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Comment: Re:What is MediaGoblin? (Score 1) 22

In my experience that's not true. Practically all cheap (i.e. not dedicated) hosting solutions have Python. I have a small site on and it supports Python without forking over extra for a dedicated server.

I can understand free hosting solutions lacking Python (and perhaps lacking any scripting whatsoever), but anything you pay for should be able to run Python scripts. Python is so common and easy to implement I can't imagine why any web host would lack it.

Comment: Re:I lament Microsoft's skills gap in UI design (Score 1) 226

by RazorSharp (#46683821) Attached to: Should Microsoft Give Kids Programmable Versions of Office?

There are tons of crappy open source GUIs but there's also XFCE and LXDE.

Anyway, the guy you're responding to never mentioned open source. A fair Apples to Apples comparison is OS X, which Microsoft hasn't been able to catch up to for almost fifteen years. It's pretty sad that there are open source GUIs like XFCE that are drastically better than XP, Vista, 7, and especially 8.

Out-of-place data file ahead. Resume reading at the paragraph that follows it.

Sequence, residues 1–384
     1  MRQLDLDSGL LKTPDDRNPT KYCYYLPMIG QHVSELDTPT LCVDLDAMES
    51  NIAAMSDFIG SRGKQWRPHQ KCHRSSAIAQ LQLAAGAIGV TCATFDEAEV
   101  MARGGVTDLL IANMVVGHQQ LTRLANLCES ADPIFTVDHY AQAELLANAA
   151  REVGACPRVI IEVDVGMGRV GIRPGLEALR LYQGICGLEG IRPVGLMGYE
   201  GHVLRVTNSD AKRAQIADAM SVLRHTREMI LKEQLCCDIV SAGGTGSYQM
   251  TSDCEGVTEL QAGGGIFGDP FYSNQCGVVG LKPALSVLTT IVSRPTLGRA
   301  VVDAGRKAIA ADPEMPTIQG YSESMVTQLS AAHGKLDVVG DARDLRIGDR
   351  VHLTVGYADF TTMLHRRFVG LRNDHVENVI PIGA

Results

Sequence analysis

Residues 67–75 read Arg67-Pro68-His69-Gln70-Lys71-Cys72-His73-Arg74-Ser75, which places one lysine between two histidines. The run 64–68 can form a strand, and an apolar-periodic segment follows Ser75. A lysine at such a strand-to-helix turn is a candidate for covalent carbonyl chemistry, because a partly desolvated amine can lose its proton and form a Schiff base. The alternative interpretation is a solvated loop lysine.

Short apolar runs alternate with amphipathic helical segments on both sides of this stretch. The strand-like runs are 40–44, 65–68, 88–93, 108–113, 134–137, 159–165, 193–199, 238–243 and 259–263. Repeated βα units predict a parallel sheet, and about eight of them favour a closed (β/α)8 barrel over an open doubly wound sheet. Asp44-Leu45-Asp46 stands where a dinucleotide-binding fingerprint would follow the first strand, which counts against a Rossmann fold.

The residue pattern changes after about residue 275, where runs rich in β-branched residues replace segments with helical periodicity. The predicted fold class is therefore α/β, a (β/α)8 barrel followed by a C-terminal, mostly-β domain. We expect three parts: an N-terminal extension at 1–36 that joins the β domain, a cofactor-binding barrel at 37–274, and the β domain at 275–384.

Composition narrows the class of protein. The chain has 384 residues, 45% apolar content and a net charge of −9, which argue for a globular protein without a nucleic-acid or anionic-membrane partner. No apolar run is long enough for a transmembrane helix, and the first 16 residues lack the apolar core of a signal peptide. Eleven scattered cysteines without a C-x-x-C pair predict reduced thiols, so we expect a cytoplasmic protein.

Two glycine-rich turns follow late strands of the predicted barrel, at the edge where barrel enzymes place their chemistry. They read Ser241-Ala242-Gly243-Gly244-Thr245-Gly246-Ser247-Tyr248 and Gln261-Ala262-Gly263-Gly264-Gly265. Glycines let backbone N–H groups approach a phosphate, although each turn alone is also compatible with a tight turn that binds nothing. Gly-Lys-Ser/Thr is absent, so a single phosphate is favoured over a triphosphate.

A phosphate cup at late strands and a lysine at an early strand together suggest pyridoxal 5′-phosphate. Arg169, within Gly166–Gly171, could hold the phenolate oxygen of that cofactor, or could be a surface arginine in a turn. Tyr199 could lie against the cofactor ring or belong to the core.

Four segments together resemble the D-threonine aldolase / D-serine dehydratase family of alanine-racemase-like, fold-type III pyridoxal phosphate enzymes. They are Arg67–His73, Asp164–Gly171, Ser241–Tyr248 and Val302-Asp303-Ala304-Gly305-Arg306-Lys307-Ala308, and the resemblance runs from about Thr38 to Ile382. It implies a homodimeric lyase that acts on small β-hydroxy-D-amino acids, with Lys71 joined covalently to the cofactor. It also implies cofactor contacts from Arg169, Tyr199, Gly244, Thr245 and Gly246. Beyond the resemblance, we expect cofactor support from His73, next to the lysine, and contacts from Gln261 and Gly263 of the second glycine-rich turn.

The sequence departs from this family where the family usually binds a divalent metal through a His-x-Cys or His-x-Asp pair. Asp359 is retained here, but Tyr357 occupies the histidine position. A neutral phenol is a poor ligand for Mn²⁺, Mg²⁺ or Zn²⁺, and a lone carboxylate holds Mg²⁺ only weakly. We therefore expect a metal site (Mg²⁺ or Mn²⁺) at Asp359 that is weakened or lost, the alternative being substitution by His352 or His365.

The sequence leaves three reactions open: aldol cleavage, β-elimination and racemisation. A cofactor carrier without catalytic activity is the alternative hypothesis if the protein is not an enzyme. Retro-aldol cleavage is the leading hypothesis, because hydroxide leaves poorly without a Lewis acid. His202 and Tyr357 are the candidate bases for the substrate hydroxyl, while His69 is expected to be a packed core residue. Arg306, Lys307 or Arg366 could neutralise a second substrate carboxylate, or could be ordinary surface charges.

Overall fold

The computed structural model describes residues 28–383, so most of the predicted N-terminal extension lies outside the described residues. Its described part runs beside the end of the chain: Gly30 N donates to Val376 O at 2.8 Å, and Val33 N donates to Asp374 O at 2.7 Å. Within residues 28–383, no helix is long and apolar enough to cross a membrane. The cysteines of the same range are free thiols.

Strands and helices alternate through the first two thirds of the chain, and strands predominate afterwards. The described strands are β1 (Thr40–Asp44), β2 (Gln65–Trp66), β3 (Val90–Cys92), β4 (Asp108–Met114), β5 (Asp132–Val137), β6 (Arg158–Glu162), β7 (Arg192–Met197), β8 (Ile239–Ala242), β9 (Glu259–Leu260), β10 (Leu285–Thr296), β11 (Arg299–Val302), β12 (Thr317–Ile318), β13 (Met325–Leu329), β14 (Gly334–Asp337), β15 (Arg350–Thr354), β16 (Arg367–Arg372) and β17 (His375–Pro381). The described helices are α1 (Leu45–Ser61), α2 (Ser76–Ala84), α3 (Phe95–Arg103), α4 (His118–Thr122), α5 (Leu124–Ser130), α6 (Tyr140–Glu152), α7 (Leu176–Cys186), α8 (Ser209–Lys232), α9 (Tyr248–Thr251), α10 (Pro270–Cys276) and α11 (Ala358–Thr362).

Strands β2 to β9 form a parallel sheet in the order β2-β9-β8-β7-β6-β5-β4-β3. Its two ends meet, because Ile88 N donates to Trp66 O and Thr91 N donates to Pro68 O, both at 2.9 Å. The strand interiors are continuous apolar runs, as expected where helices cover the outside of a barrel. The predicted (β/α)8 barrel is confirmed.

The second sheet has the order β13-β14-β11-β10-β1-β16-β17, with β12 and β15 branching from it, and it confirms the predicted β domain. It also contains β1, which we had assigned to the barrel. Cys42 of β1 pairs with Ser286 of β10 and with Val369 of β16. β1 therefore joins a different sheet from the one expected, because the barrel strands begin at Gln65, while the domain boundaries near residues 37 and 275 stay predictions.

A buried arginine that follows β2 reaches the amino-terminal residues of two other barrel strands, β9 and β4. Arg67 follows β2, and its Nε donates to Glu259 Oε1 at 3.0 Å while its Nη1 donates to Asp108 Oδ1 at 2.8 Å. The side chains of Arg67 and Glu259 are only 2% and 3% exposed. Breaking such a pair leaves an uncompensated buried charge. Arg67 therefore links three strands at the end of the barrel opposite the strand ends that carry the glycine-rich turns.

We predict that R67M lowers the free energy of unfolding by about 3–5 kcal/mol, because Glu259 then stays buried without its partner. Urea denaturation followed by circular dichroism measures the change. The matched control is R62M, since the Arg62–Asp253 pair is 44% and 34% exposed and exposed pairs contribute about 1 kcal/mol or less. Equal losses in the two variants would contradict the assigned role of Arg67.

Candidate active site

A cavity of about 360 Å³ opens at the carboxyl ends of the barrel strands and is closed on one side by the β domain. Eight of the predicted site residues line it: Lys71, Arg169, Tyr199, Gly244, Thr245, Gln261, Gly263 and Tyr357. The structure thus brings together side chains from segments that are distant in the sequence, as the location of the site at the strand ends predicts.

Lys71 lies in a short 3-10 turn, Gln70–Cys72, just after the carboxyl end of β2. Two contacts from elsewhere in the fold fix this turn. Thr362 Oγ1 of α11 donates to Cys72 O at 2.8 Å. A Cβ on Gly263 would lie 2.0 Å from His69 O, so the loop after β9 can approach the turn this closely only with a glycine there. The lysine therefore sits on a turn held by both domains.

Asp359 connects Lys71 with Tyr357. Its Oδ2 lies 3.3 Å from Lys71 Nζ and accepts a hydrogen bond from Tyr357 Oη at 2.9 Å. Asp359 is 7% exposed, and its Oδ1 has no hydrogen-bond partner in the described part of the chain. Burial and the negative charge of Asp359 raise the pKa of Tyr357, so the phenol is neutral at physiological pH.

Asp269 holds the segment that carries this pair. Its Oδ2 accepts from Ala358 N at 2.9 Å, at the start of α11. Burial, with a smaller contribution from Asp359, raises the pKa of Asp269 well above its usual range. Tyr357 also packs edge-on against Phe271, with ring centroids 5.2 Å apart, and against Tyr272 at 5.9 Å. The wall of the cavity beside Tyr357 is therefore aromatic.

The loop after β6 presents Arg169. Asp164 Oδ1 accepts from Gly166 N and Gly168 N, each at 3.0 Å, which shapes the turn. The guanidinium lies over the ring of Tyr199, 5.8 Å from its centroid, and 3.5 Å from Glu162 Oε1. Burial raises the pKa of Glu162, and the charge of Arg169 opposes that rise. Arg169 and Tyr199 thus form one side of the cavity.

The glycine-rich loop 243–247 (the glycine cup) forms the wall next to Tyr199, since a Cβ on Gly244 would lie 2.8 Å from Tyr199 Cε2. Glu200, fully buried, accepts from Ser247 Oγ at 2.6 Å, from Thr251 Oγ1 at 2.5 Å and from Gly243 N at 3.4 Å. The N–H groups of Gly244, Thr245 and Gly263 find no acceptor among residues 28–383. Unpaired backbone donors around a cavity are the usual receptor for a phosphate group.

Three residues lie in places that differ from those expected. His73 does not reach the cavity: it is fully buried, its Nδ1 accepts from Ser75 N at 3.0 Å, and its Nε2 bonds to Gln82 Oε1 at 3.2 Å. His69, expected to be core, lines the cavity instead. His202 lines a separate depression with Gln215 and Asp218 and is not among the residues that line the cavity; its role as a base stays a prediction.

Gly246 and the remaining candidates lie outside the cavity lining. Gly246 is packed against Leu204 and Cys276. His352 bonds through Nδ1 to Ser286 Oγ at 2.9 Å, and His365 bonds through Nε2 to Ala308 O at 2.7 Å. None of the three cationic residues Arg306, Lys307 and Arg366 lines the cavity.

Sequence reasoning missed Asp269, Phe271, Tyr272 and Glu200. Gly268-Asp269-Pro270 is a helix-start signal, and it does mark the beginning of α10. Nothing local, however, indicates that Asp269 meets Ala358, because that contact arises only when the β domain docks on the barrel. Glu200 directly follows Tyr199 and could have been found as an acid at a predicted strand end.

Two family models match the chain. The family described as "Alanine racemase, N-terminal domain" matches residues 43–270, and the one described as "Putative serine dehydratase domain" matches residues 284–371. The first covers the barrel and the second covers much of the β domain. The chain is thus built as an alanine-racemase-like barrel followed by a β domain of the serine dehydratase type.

Comment: Re:Abolish marriage solves the problem. (Score 2) 564

by RazorSharp (#46670425) Attached to: Was Eich a Threat To Mozilla's $1B Google "Trust Fund"?

The church doesn't have a monopoly on marriage. The courtroom does. I know someone who was married in a church and then they never got around to filing the legal paperwork. Technically, they're not married (which was a good thing as it made 'divorce' that much easier).

Comment: Re:The new Hitlers (Score 1) 564

by RazorSharp (#46670307) Attached to: Was Eich a Threat To Mozilla's $1B Google "Trust Fund"?

Interesting that you seem to be directing all of this hate to "gay hypocrites" instead of people who support straight marriage.

Hate? I didn't read anything hateful in that comment. Incorrectly reframing an argument is one of the biggest problems with this issue.

"I don't believe in gay marriage," for example, often gets reframed into "gays don't deserve rights."